It is important for you to answer the following questions:
- What is the difference between the two types of
information our eyes provide?
- Where should a driver concentrate most of his or
- What are the affects of alcohol on a drivers
The skill of safe driving is mostly mental. It
is determined primarily by how well you think about
what is going on around you.
To think clearly and react quickly, you need information
and most of that information comes to you from your
This is called visual perception and it means your
ability to notice many things at once.
To get the right information to the brain, a drivers
eyes have to move constantly, picking out the appropriate
spots at the right time.
First, let's look at how a drivers eyes work.
Our eyes provide two types of vision:
||Peripheral or side vision
Our central vision covers about three degrees of our
visual field and peripheral vision or side vision covers
as you can see here:
three degrees of central vision is a very small
area in your total field of vision. But central
vision allows us to make very important judgment
like estimating distance and reading details
in the driving scene.
Our peripheral vision is not as sharp as central vision,
but it is more sensitive to light and motion. And thats
a good thing because it helps us detect events to the
side that are important to us, even when were
not looking directly at them. Events like this include
cars entering our field of vision from the side, or
warning lights from ambulances, police cars, and other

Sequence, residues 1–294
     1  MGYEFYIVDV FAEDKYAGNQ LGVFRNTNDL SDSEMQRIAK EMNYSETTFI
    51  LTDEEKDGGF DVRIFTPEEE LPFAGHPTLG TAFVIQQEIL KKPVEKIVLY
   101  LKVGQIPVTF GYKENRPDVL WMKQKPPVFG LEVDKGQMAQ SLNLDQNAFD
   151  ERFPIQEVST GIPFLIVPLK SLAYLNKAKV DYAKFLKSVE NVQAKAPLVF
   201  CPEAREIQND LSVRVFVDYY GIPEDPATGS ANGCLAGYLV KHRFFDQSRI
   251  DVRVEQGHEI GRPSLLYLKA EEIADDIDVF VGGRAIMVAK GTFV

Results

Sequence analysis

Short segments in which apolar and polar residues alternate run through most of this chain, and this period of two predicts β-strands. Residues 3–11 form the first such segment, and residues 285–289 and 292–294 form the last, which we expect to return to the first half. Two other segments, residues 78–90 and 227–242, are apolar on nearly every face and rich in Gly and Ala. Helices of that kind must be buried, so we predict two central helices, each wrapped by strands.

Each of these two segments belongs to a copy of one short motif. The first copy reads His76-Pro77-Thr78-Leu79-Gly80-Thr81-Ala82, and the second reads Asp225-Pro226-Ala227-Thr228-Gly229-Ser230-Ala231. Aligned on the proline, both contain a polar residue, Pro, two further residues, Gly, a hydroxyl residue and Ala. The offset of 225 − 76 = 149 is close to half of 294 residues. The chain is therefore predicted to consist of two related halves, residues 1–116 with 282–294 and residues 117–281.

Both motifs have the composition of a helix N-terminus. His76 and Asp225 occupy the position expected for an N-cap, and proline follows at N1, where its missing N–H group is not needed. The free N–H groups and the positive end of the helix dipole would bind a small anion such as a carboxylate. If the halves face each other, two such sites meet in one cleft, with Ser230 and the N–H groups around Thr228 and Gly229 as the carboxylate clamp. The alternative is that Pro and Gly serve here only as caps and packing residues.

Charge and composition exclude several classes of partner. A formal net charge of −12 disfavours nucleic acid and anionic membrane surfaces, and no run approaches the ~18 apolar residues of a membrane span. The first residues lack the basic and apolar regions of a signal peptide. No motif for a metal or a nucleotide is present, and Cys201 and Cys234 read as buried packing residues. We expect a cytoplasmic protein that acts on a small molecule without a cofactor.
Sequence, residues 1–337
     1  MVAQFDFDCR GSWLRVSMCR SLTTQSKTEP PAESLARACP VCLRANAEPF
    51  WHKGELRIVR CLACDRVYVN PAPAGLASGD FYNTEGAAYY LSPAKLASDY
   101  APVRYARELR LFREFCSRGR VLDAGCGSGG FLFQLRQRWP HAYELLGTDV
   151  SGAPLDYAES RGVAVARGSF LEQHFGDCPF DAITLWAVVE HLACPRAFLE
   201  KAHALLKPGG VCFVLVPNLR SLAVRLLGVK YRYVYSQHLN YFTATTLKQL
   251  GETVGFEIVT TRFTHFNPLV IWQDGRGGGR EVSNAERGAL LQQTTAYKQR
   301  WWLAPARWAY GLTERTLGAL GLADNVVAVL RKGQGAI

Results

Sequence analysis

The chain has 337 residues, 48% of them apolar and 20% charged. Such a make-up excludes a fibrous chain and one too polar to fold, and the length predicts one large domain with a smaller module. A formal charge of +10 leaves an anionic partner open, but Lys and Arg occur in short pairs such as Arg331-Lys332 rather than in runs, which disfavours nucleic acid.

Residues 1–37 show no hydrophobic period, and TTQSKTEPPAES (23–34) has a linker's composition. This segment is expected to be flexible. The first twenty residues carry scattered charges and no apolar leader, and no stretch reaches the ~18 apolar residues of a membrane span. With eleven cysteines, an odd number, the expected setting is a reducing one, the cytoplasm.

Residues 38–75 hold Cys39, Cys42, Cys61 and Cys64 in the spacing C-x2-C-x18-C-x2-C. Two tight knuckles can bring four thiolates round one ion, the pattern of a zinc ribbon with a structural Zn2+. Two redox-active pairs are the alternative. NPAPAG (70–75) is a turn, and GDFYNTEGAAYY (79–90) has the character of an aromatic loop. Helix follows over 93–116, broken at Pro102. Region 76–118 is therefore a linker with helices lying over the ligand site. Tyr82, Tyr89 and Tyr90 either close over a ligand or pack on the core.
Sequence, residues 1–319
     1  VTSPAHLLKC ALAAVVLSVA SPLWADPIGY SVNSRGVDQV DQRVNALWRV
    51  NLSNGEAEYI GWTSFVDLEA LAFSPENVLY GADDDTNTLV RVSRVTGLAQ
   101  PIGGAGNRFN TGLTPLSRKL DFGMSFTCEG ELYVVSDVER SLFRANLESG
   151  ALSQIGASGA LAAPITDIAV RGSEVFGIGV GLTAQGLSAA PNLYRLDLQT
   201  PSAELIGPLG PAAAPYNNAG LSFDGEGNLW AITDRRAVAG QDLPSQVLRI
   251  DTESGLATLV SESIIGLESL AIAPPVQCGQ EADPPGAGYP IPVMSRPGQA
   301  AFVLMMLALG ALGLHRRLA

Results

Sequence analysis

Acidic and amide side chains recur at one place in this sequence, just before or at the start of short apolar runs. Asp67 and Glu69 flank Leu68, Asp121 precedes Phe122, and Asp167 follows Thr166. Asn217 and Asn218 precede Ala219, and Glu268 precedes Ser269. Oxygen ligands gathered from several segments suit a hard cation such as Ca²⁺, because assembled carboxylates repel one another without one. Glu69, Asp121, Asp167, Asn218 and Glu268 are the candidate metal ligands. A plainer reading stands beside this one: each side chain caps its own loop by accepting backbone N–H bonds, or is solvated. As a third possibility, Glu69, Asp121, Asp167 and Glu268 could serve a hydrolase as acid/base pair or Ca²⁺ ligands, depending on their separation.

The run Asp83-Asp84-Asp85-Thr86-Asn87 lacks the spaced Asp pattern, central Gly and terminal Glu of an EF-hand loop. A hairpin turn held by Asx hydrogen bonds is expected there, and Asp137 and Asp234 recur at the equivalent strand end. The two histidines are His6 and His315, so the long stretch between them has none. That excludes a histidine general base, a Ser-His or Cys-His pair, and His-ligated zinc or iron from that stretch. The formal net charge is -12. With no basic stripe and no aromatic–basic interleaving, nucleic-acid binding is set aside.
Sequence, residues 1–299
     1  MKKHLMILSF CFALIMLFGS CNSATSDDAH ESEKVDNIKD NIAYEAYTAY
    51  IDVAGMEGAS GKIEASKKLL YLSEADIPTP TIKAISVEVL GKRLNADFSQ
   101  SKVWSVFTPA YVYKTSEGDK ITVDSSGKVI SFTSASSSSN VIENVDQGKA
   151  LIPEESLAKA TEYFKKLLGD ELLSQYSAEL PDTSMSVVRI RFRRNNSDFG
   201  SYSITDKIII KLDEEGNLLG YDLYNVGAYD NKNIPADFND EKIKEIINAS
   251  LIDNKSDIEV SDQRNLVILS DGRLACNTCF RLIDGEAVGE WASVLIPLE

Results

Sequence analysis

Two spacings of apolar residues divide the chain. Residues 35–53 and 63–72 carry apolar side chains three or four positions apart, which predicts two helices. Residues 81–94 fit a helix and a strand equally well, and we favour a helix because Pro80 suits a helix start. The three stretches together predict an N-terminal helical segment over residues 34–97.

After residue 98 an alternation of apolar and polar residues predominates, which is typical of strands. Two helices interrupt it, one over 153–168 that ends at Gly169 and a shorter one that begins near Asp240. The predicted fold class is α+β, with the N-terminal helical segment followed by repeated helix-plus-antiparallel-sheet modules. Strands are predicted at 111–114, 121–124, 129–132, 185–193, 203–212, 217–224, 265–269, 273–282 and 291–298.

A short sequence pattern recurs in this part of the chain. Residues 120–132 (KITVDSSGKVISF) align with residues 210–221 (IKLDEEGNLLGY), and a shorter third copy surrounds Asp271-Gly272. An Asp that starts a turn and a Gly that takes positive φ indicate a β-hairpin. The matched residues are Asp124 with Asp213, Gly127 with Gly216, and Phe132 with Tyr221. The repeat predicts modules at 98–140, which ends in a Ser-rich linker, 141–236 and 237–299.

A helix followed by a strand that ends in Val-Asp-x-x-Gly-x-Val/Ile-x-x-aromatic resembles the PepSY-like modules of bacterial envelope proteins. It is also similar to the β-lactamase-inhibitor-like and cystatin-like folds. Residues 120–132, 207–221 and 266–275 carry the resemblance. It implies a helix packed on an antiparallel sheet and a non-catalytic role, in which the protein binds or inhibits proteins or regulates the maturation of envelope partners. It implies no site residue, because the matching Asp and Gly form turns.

Central vision plus side vision make up the entire
visual field, which is the main source of information
that all drivers need for safe driving. Most driver
mistakes are caused by bad habits in the way drivers
use their eyes.
There are three basic rules to follow when developing
good eye habits for driving:
||Look ahead, not down; the experienced drivers
attention is focused on the road ahead with their
central vision following the intended path of travel.
your eyes moving
||A good driver concentrates on selecting details
in the traffic scene and on the distance between
his/her car and objects ahead.
the big picture
||Search the whole scene; check the rear view mirrors.
As you approach an intersection, watch for vehicles
and pedestrians moving in both directions, for traffic
control devices, and for anything else that might block
your vision or otherwise increase risks.
Now let's see how these rules work in some common driving
We know that driving is primarily a task of information
processing, but in order for us to learn which visual
cues are important to us for driving, we must be able
to describe a drivers visual search process.
|This is a picture
of the drivers visual field:
|The oval area in
the middle represents the drivers central
vision. The gray area surrounding the central
vision oval represents peripheral or side vision.
When we drive our eyes move in a series of rapid, jerky
movements. Between each movement, our eye pauses for
a fraction of a second, then darts to another part of
the scene. These pauses are known as fixations. Even
though these fixations are very short, they give the
drivers brain time to gather important information
from the eyes image of the driving scene.
Below are examples of how the eyes of an experienced
driver cover the driving scene when confronted with
two potentially hazardous driving situations: negotiating
a curve and merging onto a freeway.
The same three rules that apply to training your vision